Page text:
The cost for some vital records could be going up - WALB.com, Albany News, Weather, Sports

The cost for some vital records could be going up

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By Jennifer Emert - bio | email

ALBANY, GA (WALB) –  The fees for two vital records likely will go up again soon for the second time this year.

The Georgia Department of Community Health will vote this week whether to follow the recommendation of state lawmakers and raise the rates for certified birth and death certificates from $15 to $25 a piece.

As many as 80 people a day stream through the Probate Court doors in search of birth and death certificates. Now the cost for that copy could go up again for the second time in seven months.

"We're getting to the season where people are preparing to register their kids for school and for extra curricular sports, camps, people need birth certificates all the time," said Probate Court Judge Nancy Stephenson.

Walter Berry's wife Kathleen died last year. He's still working to finish the paperwork.

"I needed two," said Berry.

Glad to have bought them now before the price increases.

"They sort of have a Monopoly on it because you've got to get it from them whatever it costs," said Berry. Tammie Pickett agrees.

"I think that's too much, It's just a piece of paper, I mean it's a legal document don't misunderstand me but," said Pickett.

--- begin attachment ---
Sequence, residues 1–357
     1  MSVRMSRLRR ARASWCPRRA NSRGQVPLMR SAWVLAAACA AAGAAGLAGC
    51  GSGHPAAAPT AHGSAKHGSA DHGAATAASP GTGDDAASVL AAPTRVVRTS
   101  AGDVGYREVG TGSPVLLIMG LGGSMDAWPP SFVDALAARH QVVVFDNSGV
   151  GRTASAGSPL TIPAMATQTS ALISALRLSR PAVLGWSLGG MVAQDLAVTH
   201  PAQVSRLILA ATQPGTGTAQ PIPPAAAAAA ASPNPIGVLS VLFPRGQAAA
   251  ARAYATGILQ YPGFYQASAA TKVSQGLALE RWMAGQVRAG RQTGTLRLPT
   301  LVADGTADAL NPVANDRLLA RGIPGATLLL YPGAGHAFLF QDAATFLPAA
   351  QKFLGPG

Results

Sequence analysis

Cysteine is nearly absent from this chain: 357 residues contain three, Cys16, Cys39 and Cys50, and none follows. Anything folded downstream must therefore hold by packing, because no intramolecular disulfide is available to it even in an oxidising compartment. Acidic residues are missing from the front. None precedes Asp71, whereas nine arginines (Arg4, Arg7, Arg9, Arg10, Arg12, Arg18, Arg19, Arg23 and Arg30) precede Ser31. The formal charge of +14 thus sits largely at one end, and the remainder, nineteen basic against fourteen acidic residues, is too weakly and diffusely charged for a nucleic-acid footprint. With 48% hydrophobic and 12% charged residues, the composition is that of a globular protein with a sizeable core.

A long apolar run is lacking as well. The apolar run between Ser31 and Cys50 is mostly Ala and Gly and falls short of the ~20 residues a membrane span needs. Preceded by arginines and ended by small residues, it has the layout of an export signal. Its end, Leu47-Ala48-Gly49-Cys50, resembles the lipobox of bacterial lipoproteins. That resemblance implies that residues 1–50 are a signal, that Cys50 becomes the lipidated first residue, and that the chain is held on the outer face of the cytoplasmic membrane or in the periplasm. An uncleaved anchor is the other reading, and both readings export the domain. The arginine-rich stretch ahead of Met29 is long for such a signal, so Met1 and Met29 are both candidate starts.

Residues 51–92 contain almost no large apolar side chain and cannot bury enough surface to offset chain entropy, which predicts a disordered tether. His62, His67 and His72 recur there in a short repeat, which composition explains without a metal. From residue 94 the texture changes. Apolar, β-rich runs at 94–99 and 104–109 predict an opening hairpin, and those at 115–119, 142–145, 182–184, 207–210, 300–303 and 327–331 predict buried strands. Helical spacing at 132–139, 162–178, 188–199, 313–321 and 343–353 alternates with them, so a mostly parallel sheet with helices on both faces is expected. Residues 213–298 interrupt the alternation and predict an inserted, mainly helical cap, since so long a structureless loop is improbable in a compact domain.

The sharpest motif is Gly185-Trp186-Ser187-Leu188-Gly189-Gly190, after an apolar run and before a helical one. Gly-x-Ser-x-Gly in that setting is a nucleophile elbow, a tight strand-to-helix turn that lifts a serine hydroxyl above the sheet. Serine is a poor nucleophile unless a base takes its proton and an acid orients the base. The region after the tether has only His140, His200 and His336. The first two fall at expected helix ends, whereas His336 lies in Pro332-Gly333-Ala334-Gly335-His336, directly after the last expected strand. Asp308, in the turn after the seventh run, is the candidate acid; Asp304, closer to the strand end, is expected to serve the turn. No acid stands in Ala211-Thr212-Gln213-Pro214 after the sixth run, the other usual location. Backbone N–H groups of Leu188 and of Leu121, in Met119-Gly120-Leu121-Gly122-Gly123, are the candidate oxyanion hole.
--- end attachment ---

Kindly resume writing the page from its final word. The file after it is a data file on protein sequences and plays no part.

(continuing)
Judge Nancy Stephenson has heard the complaints since prices jumped from ten dollars to fifteen in January.

"I have heard about it every day since January first and people are not happy. It's a tax that they don't have any input into because it's not something the legislature does," said Stephenson.

While the legislative session recommended the fee be raised, the action will come from the Department of Community Health Board, and there's still time before Thursday to let them know how you feel.

If you want to write to the Department of Community Health and express your concern over these fees you can at www.dch.gerogia.gov.

The Department of Community Health Board meets Thursday at 10:30 in Atlanta. The last time fees increased this dramatically was in 1993 when fees jumped from three dollars to ten dollars.


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